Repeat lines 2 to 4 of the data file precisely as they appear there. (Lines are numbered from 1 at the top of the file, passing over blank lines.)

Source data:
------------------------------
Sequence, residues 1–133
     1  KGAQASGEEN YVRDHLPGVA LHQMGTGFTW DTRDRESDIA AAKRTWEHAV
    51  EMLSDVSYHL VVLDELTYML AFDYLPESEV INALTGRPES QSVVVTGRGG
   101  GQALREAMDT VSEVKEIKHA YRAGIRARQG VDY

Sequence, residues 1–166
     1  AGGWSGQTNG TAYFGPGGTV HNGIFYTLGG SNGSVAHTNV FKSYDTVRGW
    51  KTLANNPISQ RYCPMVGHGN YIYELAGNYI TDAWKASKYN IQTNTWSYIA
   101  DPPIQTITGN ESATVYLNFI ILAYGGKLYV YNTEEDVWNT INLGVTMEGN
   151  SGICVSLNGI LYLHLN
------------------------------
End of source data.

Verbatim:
     1  KGAQASGEEN YVRDHLPGVA LHQMGTGFTW DTRDRESDIA AAKRTWEHAV
    51  EMLSDVSYHL VVLDELTYML AFDYLPESEV INALTGRPES QSVVVTGRGG
   101  GQALREAMDT VSEVKEIKHA YRAGIRARQG VDY